Aussies woke this morning to the news that Apple has launched a smart watch. And I’m a little excited.

iWant

iWant

Waking nice and early so I could read all the buzz about Apple’s latest launch and find out if the rumours about the new iPhone were true, I logged on to my iDevice and started reading. All the hype (I just typed hypo there….), all the photos, all the information.

I skimmed over the details of the new iPhone 6 and iPhone 6 Plus (which I will not under any circumstances be referring to as a Phablet), reading about the snazzy new camera and the high-tech, bigger and thinner features. But that wasn’t what I was really interested in. There was something else I was hoping to see. And there it was. The ‘one more thing’. The Apple watch.

Firstly, let me get my shallowness out of the way and admit that the initial thing I wanted to know was how it looked. Would it be something that I wanted to wear on my wrist? The answer is abso-freaking-lutely! And with seemingly a billion ways to customise, there is sure to be something that suits everyone. (Obviously, I’m hoping for a stripy band.)

The thing that is of particular interest to me is how I will be able to use the watch to help manage my diabetes. At this stage, I’m not sure that it is particularly revolutionary here.

This is Apple’s first venture into the smart watch market and as a first generation device, it won’t do everything that I would truly love a smart watch to do. As a health tracker, it will currently monitor blood pressure, heart rate and, through whichever app you choose, can be used as an activity tracker.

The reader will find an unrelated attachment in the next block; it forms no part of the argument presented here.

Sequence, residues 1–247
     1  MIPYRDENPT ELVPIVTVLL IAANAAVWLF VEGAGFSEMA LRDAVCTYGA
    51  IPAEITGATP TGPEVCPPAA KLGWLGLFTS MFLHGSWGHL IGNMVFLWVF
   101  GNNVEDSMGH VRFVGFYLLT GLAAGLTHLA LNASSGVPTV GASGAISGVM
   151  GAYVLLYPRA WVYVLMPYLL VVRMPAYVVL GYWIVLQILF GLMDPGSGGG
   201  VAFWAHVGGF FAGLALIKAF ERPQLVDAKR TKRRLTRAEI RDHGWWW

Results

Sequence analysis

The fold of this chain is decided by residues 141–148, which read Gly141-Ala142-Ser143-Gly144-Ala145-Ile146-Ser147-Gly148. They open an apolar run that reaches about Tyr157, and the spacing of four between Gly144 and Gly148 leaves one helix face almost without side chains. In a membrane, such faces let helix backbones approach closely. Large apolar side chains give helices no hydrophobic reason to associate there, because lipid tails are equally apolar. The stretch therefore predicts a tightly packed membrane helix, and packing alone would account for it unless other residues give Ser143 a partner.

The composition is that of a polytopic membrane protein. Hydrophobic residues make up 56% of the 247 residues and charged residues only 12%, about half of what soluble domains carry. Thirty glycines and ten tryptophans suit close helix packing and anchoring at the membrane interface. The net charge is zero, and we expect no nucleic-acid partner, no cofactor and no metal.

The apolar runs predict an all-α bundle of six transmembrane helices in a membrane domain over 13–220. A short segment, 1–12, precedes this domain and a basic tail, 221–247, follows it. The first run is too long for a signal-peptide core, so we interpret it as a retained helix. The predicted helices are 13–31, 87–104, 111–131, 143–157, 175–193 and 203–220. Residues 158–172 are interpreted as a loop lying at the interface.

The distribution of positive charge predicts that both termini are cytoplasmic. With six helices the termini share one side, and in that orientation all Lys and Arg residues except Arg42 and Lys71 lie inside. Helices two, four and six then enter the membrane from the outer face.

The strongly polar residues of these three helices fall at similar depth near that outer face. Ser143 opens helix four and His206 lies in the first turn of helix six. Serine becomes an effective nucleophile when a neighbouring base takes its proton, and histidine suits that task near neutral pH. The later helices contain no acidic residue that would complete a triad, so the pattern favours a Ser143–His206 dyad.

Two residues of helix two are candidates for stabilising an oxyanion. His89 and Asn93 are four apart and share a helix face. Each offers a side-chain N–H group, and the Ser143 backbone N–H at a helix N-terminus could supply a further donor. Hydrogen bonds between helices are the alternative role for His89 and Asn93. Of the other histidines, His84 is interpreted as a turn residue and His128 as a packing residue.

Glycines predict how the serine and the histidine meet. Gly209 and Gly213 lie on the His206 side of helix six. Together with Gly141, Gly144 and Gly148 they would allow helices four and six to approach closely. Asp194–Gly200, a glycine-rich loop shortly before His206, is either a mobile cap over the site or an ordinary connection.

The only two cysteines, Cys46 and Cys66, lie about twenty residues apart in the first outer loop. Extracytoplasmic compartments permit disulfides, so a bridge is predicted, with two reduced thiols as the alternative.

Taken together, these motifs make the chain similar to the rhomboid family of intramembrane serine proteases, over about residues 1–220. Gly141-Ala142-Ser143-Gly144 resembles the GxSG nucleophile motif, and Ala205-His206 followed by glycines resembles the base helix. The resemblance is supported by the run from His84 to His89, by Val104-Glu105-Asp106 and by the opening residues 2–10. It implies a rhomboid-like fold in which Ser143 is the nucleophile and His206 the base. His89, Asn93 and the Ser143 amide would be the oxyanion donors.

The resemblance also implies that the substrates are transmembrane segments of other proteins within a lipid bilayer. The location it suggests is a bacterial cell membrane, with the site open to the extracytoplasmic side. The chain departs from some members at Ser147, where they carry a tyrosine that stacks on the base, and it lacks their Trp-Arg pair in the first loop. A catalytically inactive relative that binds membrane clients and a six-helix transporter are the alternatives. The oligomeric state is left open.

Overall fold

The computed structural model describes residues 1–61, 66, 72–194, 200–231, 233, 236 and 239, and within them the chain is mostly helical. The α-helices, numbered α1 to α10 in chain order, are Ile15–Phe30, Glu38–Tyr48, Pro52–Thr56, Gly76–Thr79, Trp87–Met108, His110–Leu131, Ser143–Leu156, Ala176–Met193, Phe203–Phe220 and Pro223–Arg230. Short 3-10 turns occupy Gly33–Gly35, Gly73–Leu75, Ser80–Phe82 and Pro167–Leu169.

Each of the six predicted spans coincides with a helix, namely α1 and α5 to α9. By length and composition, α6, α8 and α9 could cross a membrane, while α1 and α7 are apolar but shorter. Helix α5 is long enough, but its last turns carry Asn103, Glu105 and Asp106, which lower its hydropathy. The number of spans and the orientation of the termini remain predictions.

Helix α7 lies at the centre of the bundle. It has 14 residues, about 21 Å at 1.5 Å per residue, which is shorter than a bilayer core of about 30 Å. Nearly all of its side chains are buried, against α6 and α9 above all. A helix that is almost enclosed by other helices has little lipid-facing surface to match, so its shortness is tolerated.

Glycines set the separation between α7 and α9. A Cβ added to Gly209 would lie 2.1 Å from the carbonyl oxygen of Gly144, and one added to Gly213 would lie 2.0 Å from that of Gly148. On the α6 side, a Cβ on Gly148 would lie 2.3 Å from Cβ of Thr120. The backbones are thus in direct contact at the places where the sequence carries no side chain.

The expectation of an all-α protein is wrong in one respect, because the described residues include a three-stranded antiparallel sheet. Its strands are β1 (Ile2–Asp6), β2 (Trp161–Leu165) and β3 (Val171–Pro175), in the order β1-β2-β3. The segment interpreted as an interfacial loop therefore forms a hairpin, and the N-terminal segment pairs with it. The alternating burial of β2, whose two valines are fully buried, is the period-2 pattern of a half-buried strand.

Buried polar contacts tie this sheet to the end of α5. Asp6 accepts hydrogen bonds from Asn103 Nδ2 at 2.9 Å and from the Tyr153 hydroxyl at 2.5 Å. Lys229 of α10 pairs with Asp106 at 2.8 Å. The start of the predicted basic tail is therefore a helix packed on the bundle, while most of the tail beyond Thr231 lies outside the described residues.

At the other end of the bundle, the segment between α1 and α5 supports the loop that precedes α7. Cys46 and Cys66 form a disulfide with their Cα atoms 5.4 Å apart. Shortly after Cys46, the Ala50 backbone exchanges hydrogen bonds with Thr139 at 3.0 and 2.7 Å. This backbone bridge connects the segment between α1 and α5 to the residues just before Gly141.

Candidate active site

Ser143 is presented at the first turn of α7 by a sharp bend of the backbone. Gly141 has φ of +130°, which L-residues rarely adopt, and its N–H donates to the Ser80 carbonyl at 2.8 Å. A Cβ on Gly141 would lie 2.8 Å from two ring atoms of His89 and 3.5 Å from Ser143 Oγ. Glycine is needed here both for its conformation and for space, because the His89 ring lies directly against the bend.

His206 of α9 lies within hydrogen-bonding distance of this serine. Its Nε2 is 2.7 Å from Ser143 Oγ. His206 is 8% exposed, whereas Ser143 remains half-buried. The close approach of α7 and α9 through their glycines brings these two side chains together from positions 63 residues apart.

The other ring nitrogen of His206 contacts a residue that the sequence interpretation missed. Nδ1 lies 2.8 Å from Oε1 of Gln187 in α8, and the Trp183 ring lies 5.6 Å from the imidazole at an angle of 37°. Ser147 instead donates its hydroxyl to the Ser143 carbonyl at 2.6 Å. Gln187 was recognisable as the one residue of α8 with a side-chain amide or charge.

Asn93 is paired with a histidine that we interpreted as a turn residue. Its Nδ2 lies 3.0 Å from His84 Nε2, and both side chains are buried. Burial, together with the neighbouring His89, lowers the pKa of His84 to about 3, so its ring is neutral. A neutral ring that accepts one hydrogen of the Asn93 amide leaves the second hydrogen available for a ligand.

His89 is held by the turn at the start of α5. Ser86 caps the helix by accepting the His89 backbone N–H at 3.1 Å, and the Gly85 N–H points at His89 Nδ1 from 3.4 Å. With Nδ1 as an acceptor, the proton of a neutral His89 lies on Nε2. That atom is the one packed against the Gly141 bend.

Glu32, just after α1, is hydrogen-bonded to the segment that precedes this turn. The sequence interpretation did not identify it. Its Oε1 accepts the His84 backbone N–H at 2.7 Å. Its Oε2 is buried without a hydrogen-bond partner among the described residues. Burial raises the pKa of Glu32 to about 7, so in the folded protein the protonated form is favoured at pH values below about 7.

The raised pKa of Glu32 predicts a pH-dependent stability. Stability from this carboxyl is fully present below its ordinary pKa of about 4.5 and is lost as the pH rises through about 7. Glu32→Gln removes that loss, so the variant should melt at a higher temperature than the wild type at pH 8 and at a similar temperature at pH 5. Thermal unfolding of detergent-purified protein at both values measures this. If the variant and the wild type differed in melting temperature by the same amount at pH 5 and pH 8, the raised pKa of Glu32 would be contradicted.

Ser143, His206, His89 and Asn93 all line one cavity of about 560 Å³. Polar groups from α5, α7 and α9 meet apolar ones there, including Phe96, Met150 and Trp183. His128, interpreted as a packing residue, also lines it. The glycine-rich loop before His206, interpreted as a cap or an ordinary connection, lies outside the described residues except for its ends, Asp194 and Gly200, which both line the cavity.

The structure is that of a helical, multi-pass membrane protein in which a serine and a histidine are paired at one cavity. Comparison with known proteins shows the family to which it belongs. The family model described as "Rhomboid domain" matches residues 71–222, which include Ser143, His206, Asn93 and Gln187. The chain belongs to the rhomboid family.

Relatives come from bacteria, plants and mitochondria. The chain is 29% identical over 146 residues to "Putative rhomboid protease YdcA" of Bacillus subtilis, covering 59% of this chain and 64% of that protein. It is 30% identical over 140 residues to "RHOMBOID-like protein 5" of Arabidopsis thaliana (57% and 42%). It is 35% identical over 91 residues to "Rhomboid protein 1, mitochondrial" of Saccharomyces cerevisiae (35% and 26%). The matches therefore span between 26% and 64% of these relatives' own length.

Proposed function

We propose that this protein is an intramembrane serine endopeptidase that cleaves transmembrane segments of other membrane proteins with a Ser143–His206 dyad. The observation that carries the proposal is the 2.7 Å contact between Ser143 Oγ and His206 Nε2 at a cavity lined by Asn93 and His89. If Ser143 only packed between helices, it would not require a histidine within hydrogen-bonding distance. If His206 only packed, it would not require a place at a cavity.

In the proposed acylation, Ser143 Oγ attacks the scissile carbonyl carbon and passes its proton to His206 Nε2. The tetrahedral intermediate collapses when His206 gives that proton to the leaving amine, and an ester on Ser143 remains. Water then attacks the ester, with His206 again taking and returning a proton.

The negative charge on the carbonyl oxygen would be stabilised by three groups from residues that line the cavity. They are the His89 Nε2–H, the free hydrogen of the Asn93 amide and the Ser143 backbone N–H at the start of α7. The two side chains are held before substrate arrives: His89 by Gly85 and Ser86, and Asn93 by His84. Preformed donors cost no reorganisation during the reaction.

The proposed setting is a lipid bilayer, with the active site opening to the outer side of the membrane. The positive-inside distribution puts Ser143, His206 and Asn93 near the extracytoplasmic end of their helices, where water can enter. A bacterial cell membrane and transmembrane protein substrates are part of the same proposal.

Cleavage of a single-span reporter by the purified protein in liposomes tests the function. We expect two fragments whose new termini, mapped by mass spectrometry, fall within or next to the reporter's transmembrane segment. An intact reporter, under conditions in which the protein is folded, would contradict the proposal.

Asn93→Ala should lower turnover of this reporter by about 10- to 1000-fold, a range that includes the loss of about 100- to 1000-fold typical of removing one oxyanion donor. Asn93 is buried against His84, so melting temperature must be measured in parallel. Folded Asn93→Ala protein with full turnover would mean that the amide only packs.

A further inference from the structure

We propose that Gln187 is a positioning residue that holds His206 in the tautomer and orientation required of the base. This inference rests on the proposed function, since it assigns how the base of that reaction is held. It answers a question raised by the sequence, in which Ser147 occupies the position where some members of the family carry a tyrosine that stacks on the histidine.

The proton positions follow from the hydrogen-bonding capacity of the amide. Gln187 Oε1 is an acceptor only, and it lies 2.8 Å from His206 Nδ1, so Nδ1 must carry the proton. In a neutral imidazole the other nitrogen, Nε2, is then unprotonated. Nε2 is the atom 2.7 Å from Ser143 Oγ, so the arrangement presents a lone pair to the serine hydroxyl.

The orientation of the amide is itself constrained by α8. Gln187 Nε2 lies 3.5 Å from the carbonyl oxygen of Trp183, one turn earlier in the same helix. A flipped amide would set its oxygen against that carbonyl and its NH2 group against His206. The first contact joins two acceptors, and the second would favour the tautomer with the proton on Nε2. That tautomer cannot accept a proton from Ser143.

The dream device, of course, would incorporate some sort of non-invasive, real-time glucose sensor. We’re not there yet. But in a couple of years, I certainly hope that this will be part of the smart watch suite of applications. (Of course, with a cure a mere five years away, this technology will never be needed.)

Call it a gimmick if you’d like, or get on the Apple-bashing bandwagon (there are heaps of people on there already!). But wearable technology like this is going to be how we track, collate and communicate our medical information. People with diabetes are already used to wearing our tech – many of us have insulin pumps hanging from our bodies, tucked away, and glucose sensors taped to our skin. This is already how we roll. Some of us currently use apps on our phones to track our BGLs and keep records.

This is the next step in streamlining our information and data gathering. It’s exciting. It has the potential now (and future generations even more so) to make our lives with diabetes easier. This is all good news.

Plus…it comes in rose gold!

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